How The 1975 nailed their first major festival headline slot at Latitude 2017

Matt Healy and co. spread the love in Suffolk, combating prejudice with louche soft-rock, marking a pivotal moment in the band's career.

Matt Healy is like a sort of sexy little Gollum, writhing about on the main stage – officially called the Obelisk Arena – at Latitude Festival, wearing black skinnies and an oversized blazer that could accommodate approximately three of him. Not conventional frontman material, perhaps, and yet tonight the musician helps to establish The 1975 as serious headline performers of the future.

It’s their first main stage headline festival show and Healy is keen to made a suitably big deal of the event. He uses the performance to plug the band’s next tour – penciled in for October 2018, apparently – and tells the audience in Suffolk: “We’re not accustomed to headlining festivals yet. We don’t know how to do it, so thanks for your help.”

Well, you’d never guess that from tonight’s set, which ticks all boxes required of massive, career-making moments. It boasts huge tunes, from the pop-rock strut of the INXS-influenced ‘Love Me’ to gospel choir-backed ‘If I Believe You’; a lavish set built around their neon-drenched 3D screens; and self-aggrandising proclamations about the band’s career. Healy explains that current album ‘I Like It When You Sleep For You Are So Beautiful Yet So Unaware Of It’ “became a bit of en era – and tonight is an end of that era.” He promises that “the new era will be called ‘Music For Cars'”, the title of the band’s upcoming album.


Latitude, my precious

The singer is in a talkative mood throughout, using the opportunity to call out Islamophobia, racism, homophobia and transphobia. He suggests the world should be more like a music festival (luckily the real world has more deodorant) and says: “If the world was like this [Latitude], everything would be fine. There might be a few too many drugs, but that never hurt anybody. We’re gonna play a song that is about universal love and compassion. I’m sorry if I ever said anything about religion or about anything that ever offended anybody – I don’t wanna offend anybody, ever. My intention is to spread love and unity.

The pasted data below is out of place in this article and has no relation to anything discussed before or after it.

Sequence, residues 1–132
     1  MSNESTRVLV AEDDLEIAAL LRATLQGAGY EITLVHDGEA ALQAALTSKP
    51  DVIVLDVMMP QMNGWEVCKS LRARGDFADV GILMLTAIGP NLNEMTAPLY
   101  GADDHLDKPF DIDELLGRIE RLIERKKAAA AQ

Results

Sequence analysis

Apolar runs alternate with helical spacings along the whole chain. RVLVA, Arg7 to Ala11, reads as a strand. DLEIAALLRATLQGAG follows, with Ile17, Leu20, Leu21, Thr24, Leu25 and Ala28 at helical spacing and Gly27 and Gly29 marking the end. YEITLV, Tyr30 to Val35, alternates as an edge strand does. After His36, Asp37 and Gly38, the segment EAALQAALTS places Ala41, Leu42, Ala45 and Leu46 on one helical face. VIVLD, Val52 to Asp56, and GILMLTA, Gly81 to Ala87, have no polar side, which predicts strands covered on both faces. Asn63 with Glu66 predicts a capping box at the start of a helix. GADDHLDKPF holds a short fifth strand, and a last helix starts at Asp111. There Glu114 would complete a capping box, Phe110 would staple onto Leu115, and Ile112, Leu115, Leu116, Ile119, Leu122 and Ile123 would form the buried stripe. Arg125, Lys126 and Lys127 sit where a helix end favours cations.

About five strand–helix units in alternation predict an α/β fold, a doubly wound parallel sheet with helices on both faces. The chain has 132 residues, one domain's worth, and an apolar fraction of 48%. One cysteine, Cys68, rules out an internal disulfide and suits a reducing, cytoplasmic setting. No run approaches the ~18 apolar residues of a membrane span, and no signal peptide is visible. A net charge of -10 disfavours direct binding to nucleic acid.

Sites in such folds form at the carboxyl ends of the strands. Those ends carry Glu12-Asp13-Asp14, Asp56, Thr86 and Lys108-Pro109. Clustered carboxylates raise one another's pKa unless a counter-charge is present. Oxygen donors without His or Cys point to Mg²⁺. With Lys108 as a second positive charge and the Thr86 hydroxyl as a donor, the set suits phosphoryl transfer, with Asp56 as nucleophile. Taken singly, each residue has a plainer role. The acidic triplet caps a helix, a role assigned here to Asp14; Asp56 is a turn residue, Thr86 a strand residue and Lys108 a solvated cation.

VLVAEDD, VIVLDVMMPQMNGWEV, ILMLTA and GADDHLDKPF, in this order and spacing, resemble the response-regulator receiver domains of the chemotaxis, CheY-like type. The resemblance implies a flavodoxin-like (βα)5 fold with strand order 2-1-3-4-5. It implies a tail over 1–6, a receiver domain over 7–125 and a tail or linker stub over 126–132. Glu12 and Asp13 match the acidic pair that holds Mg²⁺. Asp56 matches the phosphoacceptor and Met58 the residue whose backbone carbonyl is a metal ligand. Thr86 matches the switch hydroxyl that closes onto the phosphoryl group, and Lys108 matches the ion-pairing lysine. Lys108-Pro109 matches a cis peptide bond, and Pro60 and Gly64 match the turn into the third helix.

“In particular, I wanna shout out all of the communities that are misrepresented and maligned. So, the Muslim community, the black community, the LGBTQ community. I wanna say that we stand with you and we fucking love you. We love every single person in this field. So who’s ready to get compassionate? Get them flags up!” The band then plays ‘Loving Someone’, the stage bathed in rainbow-coloured light.

The performance hinges on the frontman’s weird charisma. He leads the prerequisite ‘Oh, Jeremy Corbyn’ chant (now enshrined in law as an essential component of any festival slot) draws sexily on a cigarette and at one point says: “We’re headlining Latitude. This is crazy! We couldn’t be more humbled. This immediately goes into one of the best nights we’ve ever had.”

All round, this is a louche, charming, easy-to-like set. It’s sometimes silly (the saucy sax solos are impossible to resist), always earnest and the clearly work of a band with plenty of gas in the tank. When the entire field bounces to joyous closer ‘The Sound’, it’s hard to picture a more glorious climax to a headline show.

The 1975 played:

The 1975
Love Me
Heart Out
A Change of Heart
The City
An Encounter
Loving Someone
She’s American
Please Be Naked
Somebody Else
The Ballad of Me and My Brain
If I Believe You
The Sound